Mary Finch doesn't talk much about herself as she goes about her work each day, helping to put out the Deseret News.

Low-key describes her personal style. In more than 13 years as a reporter and editor at the paper, she has done whatever needed to be done, from covering the medical and religion beats to being an assistant city editor - efficiently and quietly.So it was a surprise even to City Editor Rick Hall, who has worked with her for years, when one of the paper's photographers brought in a picture he'd taken Saturday at the State Fair - of Finch on stage. She was playing fiddle in a program put on by the Utah Oldtime Fiddlers.

She had played violin in her junior high school orchestra in China Lake, Calif., but then let it drop for many years.

She was a longtime fan of bluegrass, Texas-style and old-time tunes, though. Her brother had a bluegrass band. So two and a half years ago she decided to start fiddle lessons. She plays with the Salt Lake group of the Utah Oldtime Fiddlers in their monthly jam sessions and in concerts for nursing home residents and other audiences.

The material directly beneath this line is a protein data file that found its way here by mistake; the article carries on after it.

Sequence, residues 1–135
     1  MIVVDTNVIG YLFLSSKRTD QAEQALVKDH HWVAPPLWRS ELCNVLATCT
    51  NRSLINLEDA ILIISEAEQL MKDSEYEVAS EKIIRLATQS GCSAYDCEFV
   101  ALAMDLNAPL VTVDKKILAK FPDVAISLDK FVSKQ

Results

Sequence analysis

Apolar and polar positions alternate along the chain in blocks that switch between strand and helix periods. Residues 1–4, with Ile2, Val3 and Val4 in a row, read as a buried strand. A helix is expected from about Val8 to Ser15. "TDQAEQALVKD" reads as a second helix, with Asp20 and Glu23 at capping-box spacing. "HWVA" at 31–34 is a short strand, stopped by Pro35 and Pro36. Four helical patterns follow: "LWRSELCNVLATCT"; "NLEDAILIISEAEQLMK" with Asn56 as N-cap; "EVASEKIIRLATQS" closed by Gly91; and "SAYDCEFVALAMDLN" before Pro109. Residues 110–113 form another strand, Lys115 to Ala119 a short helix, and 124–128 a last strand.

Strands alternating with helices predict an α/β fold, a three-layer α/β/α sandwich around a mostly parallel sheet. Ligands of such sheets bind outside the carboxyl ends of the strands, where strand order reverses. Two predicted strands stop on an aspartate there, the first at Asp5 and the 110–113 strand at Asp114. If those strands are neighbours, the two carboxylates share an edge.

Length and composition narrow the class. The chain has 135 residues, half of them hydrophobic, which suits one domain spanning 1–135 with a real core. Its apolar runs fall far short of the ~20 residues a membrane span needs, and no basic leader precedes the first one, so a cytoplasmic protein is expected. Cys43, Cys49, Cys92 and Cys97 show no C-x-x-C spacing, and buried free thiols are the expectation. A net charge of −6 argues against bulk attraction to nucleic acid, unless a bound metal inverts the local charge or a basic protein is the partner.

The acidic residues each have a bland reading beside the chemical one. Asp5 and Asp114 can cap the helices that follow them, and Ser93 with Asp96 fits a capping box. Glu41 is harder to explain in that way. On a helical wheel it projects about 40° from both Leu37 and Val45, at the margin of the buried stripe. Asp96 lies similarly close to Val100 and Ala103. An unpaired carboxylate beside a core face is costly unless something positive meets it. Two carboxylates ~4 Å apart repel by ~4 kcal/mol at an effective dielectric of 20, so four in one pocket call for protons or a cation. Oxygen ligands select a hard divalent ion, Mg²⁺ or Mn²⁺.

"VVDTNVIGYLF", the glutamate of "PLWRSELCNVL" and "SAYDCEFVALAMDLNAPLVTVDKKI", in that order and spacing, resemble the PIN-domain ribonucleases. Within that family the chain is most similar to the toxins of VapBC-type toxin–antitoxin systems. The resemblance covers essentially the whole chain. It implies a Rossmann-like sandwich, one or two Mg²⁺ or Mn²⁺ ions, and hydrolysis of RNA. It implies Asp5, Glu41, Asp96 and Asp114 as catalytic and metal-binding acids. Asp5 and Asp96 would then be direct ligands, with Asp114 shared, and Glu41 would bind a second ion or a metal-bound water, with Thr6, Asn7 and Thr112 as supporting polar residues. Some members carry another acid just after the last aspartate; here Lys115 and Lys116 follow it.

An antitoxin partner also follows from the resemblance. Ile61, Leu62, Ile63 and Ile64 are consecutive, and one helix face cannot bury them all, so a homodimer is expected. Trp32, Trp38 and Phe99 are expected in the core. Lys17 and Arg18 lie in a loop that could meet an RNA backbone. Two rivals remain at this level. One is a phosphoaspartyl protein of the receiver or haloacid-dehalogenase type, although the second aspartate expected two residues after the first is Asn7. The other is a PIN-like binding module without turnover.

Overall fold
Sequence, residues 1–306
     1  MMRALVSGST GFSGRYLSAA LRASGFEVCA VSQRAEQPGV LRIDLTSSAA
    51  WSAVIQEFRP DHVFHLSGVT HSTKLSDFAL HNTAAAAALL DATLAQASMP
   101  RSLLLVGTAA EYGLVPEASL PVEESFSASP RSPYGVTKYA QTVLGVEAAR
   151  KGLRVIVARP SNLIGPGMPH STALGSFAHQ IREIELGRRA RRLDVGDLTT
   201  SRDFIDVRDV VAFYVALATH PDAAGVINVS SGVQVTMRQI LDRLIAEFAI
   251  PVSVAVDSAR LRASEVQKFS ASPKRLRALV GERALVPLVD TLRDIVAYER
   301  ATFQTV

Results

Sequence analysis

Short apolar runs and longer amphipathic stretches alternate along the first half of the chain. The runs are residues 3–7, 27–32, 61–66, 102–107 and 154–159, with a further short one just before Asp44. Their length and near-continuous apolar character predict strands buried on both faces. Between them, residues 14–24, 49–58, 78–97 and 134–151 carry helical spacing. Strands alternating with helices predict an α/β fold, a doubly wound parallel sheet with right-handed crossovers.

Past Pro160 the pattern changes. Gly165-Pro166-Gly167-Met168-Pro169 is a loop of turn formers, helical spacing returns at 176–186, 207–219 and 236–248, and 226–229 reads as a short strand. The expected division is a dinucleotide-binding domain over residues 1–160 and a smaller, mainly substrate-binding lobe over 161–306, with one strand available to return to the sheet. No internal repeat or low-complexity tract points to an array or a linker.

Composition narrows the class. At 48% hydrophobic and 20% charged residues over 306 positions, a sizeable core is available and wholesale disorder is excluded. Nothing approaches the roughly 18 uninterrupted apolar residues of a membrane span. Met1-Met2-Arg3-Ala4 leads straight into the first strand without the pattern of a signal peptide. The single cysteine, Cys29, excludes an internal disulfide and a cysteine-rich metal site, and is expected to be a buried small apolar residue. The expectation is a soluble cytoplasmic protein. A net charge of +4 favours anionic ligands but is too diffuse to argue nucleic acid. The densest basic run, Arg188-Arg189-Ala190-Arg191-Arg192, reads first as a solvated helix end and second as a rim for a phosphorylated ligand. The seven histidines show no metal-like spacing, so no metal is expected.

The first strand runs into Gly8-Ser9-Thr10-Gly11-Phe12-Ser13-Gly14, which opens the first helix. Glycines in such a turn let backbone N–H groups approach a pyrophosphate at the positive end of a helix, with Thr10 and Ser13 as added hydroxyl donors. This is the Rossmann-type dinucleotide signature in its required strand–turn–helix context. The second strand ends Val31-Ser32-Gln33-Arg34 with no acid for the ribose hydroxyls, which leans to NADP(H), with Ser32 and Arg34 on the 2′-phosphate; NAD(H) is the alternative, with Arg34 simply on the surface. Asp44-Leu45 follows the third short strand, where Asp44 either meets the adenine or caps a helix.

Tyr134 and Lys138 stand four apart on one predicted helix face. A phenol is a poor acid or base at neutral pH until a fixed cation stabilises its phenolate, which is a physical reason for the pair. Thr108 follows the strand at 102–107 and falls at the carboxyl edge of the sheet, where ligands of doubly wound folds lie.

This August she entered the Salt Lake County Fiddle Contest, her first competition. How did she do?

"Terrible. It was more for the experience," she said self-deprecatingly. "Just don't make it sound like I'm a great fiddle player, because all the people that know how I play are going to laugh."

When she's not fiddling around, Finch is often out hiking the mountains or deserts of Utah with her son Curtis and their black Labrador. The family cat chooses to stay at home.

In the winter, she and Curtis ski - downhill only, thank you - and she says Curtis, who's 9, is getting good enough he'll soon be passing up Mom.

Finch also works with stained glass, although not as much lately as awhile back. There comes a point where the house fills up and there's no more space to put anything.

The house itself was built in 1891, and, while it has plenty of character, it also needed plenty of work when she first moved in. Now, however, she is able to spend more time on other things - her fiddling, skiing, hiking and backpacking. "I just like to go out and explore the state," she said.